Kent

#10 Knoll53 Sep 29, 2012 10:08 AM

1 Attachment(s)
New fin and throwing peg

Kent

#11 HerkS Sep 29, 2012 10:28 AM

1 Attachment(s)
Quote:

Originally Posted by Knoll53 (Post 22866382)
Thanks Herk. I've always considered the rolling moment from the fin above the CG to be minor, but as you point out, it has more of an influence due to the small wing span. The attached sketch shows the first fin with a low portion that is to be used at a bungee launch handle and skid. Although it adds a little weight, I'll go with it.

Those are some good reasons for winglets. Any thoughts on why most planks sport a central fin? Forward sweep would be one reason.

I'm sure, at some point, I will try to Discuss Launch this glider. Thanks for the reminder...this plane needs a throwing peg. Kent

Hi Kent, I've always used a center fin when I wanted an active rudder control. I never wanted to deal with the complexity of running rudder controls to the wing tips. Since I'm mainly a thermal flyer, I've found that these planes need aileron-rudder coordination to fly at slow thermal-circling speeds.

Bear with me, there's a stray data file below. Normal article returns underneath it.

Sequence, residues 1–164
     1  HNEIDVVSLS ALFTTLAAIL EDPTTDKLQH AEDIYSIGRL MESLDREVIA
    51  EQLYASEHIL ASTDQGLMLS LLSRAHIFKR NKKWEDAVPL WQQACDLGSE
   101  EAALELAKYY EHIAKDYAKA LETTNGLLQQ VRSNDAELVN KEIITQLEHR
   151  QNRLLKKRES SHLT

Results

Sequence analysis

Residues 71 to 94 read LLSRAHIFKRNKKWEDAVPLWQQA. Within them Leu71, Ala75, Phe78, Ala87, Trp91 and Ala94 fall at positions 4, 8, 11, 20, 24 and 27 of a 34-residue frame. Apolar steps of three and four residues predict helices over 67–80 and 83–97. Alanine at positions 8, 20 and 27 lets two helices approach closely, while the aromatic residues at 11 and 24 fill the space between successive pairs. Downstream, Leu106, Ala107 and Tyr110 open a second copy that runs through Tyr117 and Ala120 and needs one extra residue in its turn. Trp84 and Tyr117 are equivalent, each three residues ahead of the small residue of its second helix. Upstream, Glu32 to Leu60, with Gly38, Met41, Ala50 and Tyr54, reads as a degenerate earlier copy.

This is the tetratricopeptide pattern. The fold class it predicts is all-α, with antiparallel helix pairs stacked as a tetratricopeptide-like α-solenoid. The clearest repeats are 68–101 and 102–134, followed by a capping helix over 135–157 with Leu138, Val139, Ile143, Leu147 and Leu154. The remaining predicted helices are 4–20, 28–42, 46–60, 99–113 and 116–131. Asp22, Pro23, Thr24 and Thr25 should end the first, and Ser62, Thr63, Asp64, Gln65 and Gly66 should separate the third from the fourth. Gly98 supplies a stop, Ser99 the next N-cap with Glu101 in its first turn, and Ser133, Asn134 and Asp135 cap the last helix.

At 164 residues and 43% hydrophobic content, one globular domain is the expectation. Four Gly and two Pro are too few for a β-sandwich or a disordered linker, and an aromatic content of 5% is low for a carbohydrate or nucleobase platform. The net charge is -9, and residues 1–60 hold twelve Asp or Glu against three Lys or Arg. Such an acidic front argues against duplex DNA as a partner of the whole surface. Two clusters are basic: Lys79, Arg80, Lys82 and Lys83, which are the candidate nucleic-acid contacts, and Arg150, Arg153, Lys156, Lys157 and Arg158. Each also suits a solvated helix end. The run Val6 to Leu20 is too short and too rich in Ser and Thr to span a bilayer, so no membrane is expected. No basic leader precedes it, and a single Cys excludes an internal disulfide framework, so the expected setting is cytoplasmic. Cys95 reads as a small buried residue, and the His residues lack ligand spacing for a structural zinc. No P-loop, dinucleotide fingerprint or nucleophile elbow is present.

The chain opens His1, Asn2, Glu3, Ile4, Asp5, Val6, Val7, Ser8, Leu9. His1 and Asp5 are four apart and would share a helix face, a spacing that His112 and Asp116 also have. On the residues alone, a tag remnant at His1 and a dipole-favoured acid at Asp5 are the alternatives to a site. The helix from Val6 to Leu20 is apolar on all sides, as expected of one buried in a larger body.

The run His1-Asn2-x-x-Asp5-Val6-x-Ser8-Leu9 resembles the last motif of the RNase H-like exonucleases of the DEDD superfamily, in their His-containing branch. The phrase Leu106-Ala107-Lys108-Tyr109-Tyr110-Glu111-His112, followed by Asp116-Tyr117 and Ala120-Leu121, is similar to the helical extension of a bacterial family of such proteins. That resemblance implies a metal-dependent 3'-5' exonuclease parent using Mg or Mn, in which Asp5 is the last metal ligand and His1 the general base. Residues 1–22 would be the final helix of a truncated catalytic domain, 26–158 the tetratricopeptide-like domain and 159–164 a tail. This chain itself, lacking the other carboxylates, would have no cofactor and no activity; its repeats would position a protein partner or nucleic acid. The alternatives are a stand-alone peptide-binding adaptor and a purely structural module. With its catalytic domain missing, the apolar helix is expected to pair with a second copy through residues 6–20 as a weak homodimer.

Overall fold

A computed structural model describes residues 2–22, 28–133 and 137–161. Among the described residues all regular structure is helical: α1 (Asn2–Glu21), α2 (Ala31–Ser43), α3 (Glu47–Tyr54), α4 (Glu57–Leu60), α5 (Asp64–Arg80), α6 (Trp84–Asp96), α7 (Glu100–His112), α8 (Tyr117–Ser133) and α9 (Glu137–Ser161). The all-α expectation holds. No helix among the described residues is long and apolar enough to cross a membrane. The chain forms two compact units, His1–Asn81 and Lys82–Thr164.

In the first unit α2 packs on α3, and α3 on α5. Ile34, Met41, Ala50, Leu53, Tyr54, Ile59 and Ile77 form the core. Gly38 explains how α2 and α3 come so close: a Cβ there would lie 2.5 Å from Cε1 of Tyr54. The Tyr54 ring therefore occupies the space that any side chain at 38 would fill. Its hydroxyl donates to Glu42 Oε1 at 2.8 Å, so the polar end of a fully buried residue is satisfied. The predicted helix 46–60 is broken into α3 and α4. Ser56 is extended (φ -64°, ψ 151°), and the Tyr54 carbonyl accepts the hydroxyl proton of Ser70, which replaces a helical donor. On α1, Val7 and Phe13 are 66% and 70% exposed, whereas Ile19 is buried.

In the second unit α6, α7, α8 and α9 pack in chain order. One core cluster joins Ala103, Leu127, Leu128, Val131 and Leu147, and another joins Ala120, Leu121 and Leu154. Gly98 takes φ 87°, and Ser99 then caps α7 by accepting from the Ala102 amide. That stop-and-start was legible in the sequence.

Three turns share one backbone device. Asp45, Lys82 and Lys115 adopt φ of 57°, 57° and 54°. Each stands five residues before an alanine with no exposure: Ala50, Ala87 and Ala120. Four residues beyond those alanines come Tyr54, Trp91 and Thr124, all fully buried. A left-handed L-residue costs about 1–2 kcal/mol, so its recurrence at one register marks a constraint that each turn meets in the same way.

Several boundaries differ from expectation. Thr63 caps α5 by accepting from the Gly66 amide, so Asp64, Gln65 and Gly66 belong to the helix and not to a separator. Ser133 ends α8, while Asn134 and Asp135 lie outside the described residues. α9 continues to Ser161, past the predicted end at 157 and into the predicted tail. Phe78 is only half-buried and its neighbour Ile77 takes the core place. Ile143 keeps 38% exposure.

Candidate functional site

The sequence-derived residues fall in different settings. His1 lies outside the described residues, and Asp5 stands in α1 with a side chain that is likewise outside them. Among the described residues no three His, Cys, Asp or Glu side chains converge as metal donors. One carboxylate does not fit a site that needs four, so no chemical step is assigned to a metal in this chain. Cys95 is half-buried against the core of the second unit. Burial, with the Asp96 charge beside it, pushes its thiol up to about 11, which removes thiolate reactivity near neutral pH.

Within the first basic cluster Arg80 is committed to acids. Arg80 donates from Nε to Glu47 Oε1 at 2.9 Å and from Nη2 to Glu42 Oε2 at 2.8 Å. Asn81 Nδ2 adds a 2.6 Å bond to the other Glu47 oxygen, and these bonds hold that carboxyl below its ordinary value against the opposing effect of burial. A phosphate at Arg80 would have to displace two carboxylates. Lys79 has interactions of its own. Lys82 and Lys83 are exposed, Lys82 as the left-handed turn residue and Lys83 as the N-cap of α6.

Most of the fixed fin planes seem to be primarily slopers where most of the flying is at lower AOA - don't feel the need for an active rudder control. So why do they put the fixed fins in the center - convenience? imitation?, - added tail moment????

Regarding discus launch. I don't know if you've done much of that, but if it's structurally feasible, you probably want to move the peg aft a bit. At the start of the spin the plane lags pretty far behind your arm and the tip structure will dig into your hand if the peg is too far forward.